My work centres around Africa’s international relations and political economy. In recent years, I have become particularly interested in the politics and political economy of major infrastructure projects on the African continent, many of which financed and constructed by Chinese actors. I am currently writing a book on China’s involvement in Africa’s recent ‘infrastructure boom’.
I work in the project African Governance and Space: Transport Corridors, Border Towns and Port Cities in Transition (AFRIGOS) which is based at the University of Edinburgh’s Centre of African Studies and led by Prof. Paul Nugent. The project is concerned with processes related to the contemporary ‘respacing’ of Africa as well as with social, political and economic dynamics along four cross-border transport corridors in Southern, East and West Africa. Personally, I am busy understanding and theorising the governance of transport corridors such as the Walvis Bay-Ndola-Lubumbashi Corridor, which links Namibia’s largest port with the Zambian and Congolese Copper Belt.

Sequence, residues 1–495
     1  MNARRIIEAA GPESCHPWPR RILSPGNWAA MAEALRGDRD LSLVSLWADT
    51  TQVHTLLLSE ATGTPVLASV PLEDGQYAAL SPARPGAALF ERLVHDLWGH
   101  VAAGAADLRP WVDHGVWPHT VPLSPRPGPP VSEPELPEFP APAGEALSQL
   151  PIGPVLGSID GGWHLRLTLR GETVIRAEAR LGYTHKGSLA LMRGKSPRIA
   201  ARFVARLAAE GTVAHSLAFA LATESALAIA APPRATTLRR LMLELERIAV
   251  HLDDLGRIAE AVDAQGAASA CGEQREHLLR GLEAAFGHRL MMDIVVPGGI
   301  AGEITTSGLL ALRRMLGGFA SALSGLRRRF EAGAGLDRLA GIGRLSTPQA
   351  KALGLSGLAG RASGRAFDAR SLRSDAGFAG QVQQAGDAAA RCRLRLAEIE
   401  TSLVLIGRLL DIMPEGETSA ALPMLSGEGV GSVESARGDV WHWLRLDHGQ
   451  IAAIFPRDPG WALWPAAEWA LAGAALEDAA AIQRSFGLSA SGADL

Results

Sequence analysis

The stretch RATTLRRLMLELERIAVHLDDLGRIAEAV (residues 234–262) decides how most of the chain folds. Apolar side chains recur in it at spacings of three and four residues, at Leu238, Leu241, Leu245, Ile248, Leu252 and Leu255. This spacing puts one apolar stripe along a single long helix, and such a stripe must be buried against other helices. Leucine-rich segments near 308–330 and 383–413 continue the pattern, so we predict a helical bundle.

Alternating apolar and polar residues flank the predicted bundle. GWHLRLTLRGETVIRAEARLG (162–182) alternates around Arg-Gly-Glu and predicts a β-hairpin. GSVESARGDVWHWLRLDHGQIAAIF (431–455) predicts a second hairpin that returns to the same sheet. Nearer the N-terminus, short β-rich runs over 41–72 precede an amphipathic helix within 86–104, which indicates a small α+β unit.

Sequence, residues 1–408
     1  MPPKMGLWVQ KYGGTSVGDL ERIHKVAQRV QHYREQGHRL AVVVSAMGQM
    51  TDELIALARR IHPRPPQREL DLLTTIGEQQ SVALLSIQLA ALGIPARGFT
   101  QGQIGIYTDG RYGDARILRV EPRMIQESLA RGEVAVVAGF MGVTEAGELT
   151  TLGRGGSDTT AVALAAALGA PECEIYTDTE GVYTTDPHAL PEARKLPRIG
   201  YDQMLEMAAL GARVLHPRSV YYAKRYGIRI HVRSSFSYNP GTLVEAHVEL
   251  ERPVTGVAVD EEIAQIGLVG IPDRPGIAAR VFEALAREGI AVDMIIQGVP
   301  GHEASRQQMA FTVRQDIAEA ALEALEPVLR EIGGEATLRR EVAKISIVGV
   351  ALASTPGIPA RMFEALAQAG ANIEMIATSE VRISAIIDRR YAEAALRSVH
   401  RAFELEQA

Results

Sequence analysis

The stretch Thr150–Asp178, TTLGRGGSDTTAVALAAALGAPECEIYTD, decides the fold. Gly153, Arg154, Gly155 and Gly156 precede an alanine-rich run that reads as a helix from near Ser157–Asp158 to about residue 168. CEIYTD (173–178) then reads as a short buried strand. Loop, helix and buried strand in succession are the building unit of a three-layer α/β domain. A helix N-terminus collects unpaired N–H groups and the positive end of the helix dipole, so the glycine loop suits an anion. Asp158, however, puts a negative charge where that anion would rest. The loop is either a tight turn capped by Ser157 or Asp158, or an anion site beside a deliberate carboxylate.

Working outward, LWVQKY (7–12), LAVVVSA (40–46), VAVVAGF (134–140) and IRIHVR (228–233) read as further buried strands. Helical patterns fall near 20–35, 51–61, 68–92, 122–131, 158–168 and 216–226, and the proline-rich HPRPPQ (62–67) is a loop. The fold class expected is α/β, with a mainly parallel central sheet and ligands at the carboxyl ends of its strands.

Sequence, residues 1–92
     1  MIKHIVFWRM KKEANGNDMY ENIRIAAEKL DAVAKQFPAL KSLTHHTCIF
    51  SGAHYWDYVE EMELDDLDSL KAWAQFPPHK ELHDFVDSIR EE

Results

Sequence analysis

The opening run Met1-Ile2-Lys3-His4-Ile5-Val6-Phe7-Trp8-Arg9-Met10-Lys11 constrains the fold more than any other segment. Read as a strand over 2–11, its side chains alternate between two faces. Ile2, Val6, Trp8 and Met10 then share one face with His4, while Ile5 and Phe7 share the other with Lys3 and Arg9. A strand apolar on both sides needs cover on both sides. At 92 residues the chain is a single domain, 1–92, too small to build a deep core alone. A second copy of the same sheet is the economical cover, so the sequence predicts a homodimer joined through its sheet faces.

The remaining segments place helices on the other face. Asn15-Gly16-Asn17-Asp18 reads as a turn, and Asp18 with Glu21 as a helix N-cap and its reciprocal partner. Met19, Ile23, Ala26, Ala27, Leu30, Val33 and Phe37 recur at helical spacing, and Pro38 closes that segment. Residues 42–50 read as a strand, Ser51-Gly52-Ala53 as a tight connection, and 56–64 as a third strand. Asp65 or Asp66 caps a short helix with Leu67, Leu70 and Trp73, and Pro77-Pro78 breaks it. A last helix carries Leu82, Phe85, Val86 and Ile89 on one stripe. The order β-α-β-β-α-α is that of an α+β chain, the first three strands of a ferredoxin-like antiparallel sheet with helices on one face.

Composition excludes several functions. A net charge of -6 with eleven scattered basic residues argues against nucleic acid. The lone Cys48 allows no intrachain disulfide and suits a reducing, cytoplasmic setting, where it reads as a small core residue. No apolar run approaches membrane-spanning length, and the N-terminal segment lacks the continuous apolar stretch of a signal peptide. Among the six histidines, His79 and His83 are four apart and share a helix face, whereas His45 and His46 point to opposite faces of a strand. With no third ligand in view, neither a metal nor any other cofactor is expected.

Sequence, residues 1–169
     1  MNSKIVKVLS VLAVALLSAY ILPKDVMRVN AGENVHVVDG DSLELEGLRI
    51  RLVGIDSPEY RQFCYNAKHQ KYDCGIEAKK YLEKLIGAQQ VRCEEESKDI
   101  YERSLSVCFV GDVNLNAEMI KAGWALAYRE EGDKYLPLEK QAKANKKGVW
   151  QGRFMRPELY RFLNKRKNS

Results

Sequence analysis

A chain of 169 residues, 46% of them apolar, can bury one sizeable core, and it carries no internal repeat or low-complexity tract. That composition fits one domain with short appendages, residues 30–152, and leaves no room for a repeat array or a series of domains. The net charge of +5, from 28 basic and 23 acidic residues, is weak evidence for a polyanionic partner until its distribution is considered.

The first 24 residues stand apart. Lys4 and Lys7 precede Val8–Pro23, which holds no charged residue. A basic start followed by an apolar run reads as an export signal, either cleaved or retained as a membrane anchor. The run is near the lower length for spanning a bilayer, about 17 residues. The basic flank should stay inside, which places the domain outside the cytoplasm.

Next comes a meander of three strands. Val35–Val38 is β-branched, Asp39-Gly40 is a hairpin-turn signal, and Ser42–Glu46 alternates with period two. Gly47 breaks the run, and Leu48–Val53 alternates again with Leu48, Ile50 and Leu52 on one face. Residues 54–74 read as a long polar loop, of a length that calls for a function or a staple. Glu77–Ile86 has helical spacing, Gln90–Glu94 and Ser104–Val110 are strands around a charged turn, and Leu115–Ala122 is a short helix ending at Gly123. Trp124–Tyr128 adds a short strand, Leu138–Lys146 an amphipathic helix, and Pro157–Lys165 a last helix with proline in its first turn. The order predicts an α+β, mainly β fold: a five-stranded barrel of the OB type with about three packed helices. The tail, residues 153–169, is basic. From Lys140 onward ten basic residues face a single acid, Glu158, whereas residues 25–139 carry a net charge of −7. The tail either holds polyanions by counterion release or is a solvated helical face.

I have also a keen interest in African (inter-)regionalisms. I previously researched civil society regionalisation in Southern Africa. Currently, I am co-editing a book on the regional political economy of Chinese railway projects on the African continent.
Meta-theoretically, I have been intrigued by discussions in the philosophy of science and, specifically, by the critical realist tradition. Moreover, I am working on theoretical/conceptual questions related to the ontology of structures and agency with regard to ‘China in Africa’, imperialism theories, the ontology of debt as well as spatiality (or rather the lack thereof) in International Relations.
Together with Tabby Mwangi, Julia Renner and Jörg Wiegratz, I coordinate the Collaborative Resarch Group (CRG) African Politics and International Relations for the Africa-Europe Group for Interdisciplinary Studies (AEGIS).